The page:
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FedUpAsp
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14 Jul 2013, 8:12 am

What is the best programming language for a beginner to learn? I want to go from zero to writing disabled-accessibility programs for Linux and BSD. No experience with either.



truth15ful
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14 Jul 2013, 1:01 pm

I started with Blitz3D. Their program has a free "Demo" version that never expires and an excellent command reference. Definitely not the fastest or most versatile language but easy to learn.



Solidus
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14 Jul 2013, 1:03 pm

I would suggest Python, it's easy to learn and well-documented, and still powerful.



Kurgan
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14 Jul 2013, 1:55 pm

First and foremost, it should be an object-oriented and turing complete language. The former because it makes the programming much more intuitive--the latter because it can be used on an intermediate and professional stage as well as a beginner stage. Three good choices are C++, C# and Java. In any case, TheNewBoston has great video tutorials explaining most of the stuff you need to know.

You might want to learn boolean algebra if you don't already know it, though. This is incredibly useful when you're programming.



0bey1sh1n0b1
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14 Jul 2013, 8:15 pm

I learned with Java. Schools love to use that as a teaching language. Google NewBoston that guy has great tutorials. Also Sketch by MIT although clearly a kids program will give you a good idea of programming principles. Also Microsoft has their own SmallBasic designed to teach beginner on the fundamentals of Basic and it also has a translator to translate the code into Visual Basic code. Pretty neat stuff good luck with your learning.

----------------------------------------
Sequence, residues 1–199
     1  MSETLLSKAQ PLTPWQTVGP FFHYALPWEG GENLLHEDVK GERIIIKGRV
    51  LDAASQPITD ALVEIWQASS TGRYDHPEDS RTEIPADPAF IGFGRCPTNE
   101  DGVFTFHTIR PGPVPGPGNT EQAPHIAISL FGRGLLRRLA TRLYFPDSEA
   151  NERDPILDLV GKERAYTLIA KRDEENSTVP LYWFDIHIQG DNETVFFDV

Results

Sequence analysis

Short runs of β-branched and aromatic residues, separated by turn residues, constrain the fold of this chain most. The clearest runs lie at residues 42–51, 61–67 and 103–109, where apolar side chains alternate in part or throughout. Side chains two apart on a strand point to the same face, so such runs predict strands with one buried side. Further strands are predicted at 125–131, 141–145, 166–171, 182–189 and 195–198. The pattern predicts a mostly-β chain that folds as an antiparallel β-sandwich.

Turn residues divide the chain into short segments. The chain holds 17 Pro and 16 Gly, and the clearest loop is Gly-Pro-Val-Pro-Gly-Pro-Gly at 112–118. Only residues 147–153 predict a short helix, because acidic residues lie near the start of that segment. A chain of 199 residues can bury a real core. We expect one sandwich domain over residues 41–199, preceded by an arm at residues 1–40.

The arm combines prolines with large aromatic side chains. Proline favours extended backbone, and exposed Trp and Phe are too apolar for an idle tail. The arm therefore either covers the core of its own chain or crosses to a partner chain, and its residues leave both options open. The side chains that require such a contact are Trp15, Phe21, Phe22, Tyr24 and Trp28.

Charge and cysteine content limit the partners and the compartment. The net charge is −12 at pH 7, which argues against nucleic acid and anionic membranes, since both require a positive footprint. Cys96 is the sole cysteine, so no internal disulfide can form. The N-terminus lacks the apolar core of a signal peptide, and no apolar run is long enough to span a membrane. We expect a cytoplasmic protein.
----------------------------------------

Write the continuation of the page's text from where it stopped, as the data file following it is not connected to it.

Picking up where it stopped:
Haha looks like someone beat me to the NewBoston tutorials ^^^



Last edited by 0bey1sh1n0b1 on 14 Jul 2013, 8:17 pm, edited 1 time in total.

0bey1sh1n0b1
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14 Jul 2013, 8:16 pm

Solidus wrote:
I would suggest Python, it's easy to learn and well-documented, and still powerful.


It's a good learning language with it is not a programming language. It is scripting.



Tomatoes
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15 Jul 2013, 1:53 am

If you aim to write disability software for Linux and the BSDs you should learn C and/or C++ because I suppose you'll have to make software interfacing with the user interface, but I don't know what you mean exactly by disability software. Shinobi suggested Visual Basic and/or SmallBasic to learn programming. I think it would be a good choise as a first language, if you use Mono.
Programming is another form of mathematics. It is like learning to ride a bicycle. Also C/C++ is hard compared to Visual Basic. In the former you'll have to manage memory manually.



ruveyn
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15 Jul 2013, 3:08 pm

Whatever happened to BASIC?



Kator
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15 Jul 2013, 4:24 pm

I also suggest BASIC

That is how I, and many others started. It was designed for kids to learn programming, for kids who don't know anything about computers. As an adult probably you can learn faster than a child can.
It had a great culture decades ago, with microcomputers for children, which one just turns on, and a BASIC prompt appears. The newcomer can just immediately type BASIC commands, or programs, without knowing where those variables are stored.
I would suggest moving to a practical language later, maybe after a month, or a few months of BASIC on a C64 ( or a C64 emulator ).
This month was about 5 years for me, but I was at elementary school.
Anyways, I just can't imagine starting with Java, or C++, or Python, if you have no idea what is going on in the background. As you said, "I want to go from zero".



dcj123
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15 Jul 2013, 7:06 pm

C is easy enough and its closer to the hardware than things like Python and Java. The problem with C is you probably won't be writing a GUI with it very easily where as Java has the swing libraries that make writing GUIs easy. I know a little C, Perl, Python, Java and html but I don't fancy myself a programmer. Most of my apps are small time stuff but I did write a GUI calculator in Java using GridBagLayout, my pride and joy work.